The bottom line

<strong>The Wal-Mart Effect: how an out-of-town superstore became a superpower</strong>

Charles Fi

Salmon used to be a luxury for the average American family, but nowadays it is a weekly staple - because Wal-Mart sells fillets of it, conveniently "pin-bone-out", for as little as $4.84 (£2.66) a pound. The fish are farmed by the millions in the fjords of southern Chile, processed in low-wage factories there, and freighted unfrozen to arrive pink and gleaming, within 48 hours of being killed, on the counters of thousands of Wal-Mart superstores across the US. The price per pound, Charles Fishman points out in this meticulously researched and richly anecdotal book, is less than the postage it would cost you to mail the fish back to Chile.

The impact of that price on American grocery bills and eating habits, on the economy of Chile and on the ecology of a distant corner of the Pacific polluted by industrial quantities of fish food and faeces, is what Fishman calls the "Wal-Mart effect". It is, in his view, neither wholly bad nor wholly good - but it is very, very big. Wal-Mart is a force in America's economic life to a far more significant degree than its nearest British equivalent, Tesco, over here. The Arkansas-based chain, founded by Sam Walton in 1962, is not simply the biggest private-sector em-ployer and the biggest holder of retail market share. Its low-price strategy, so pervasive that other stores follow suit even when they are not direct competitors, plays a principal role in holding down US inflation; its relentless demand for low prices from suppliers has been a major driver in the export of US manufacturing jobs to China and elsewhere.

But it is a relief to find that Fishman - an editor at Fast Company magazine - is not just another journalist on a mission to expose Wal-Mart as a monstrous conspiracy against the little guy, as the Wall Street Journal writer Bob Ortega tried earnestly to do in In Sam We Trust (1998). Fishman is clearly troubled by Wal-Mart, but he exercises an open mind. He recites the litany of cases against Wal-Mart for using and abusing illegal immigrant labour, and for sourcing goods from cruel third-world factories, but he acknowledges that the company now has a clear code of conduct for suppliers and a team of inspectors (albeit a relatively small one) trying to make it stick. He repeats accusations that Wal-Mart is excessively secretive and that its employees and suppliers speak to the press at their peril, but he accepts that there would be no profit for the company in giving away valuable commercial data.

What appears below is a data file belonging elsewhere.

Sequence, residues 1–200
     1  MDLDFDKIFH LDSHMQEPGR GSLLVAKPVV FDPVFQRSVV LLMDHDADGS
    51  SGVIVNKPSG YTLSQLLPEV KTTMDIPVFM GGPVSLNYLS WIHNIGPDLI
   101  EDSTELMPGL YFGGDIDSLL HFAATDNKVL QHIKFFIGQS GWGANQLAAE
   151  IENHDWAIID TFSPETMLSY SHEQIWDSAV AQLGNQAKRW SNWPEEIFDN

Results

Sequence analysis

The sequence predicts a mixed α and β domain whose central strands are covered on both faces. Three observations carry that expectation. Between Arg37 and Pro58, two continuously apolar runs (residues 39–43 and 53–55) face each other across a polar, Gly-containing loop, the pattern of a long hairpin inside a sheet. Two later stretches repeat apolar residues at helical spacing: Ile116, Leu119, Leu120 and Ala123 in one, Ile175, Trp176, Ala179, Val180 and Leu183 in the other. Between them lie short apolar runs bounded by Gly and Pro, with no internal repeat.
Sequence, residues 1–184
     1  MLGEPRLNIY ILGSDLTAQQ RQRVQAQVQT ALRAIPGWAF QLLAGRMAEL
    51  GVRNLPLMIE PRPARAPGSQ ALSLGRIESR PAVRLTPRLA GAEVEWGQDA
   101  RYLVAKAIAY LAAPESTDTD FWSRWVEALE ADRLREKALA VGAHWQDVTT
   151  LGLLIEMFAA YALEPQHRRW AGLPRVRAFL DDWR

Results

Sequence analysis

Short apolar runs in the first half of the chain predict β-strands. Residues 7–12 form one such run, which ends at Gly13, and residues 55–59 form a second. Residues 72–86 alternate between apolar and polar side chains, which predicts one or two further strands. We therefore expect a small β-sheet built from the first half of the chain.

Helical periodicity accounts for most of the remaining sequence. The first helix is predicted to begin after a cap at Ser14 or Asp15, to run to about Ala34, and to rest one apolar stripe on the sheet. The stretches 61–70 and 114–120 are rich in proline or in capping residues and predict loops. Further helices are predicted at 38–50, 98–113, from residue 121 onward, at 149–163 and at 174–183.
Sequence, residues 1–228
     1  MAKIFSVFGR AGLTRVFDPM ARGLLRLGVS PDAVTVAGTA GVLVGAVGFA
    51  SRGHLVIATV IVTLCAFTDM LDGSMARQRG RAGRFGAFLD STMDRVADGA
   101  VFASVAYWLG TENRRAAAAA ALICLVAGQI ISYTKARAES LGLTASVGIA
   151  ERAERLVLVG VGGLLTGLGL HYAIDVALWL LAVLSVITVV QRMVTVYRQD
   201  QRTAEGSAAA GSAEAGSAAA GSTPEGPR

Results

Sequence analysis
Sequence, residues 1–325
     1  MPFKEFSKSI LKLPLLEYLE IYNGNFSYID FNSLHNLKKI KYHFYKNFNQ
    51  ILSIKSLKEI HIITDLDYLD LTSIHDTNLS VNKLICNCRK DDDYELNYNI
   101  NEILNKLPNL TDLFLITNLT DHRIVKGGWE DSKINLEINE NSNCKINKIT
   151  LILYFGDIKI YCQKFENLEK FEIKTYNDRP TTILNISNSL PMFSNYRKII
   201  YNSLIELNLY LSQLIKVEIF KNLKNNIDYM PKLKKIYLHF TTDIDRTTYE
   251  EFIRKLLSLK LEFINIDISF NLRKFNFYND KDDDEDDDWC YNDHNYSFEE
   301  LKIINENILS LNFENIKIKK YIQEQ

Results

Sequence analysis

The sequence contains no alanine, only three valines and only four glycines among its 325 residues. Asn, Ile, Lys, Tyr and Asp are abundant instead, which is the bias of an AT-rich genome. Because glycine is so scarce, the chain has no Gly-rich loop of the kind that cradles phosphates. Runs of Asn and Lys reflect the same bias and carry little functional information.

He reminds us that other supermarkets and vast numbers of downtown groceries have gone to the wall because of the arrival of Wal-Mart's soulless giant sheds. But he observes that Wal-Mart is not simply a predator. It does not just lower its prices until the competition has been destroyed, then raise them again: it keeps them low, as its slogan says, "always". And that is why even customers who declare themselves in surveys to be "conflicted" - actively disliking Wal-Mart for its impact on communities and jobs - still shop there more than once a week, spending almost as much as those who declare themselves to be Wal-Mart's "champions".

In effect, Fishman concludes, Wal-Mart does nothing more sinister than sell a $3 item of merchandise for $2.97. The frugality and focus that have enabled it to do this consistently for 44 years are largely to be admired, even when they extend to forcing suppliers to install toll-free phone lines so that Wal-Mart does not have to bear the cost of calling for deliveries. Sam Walton himself, a bird-hunting backwoodsman who drove a dog-chewed pick-up long after he became a billionaire, was an authentic American hero of capitalism.

Yet Wal-Mart today is no longer the company that Walton bequeathed when he died in 1992. It has multiplied in scale and reach at home and abroad (it owns Asda here), acquiring unprecedented market power - and this angers unions, environmentalists and journalists. But its managers do not have a secret plan to rule the world; they just sell as much cheap stuff as they can. If there is anything sinister in that, it is the hypnotic effect it has on American shoppers. They happily bought Wal-Mart's $2.79 gallon jars of pickled cucumbers even though they could not possibly eat them all - until the manufacturer went bust trying to supply them. When the price of underpants was slashed, they bought astonishing quantities and stockpiled them.

In an era of rampant over-consumption, don't blame Wal-Mart for the "Wal-Mart effect": blame its customers, especially the "conflicted" ones.

Martin Vander Weyer is the author of Falling Eagle: the decline of Barclays Bank (Weidenfeld & Nicolson)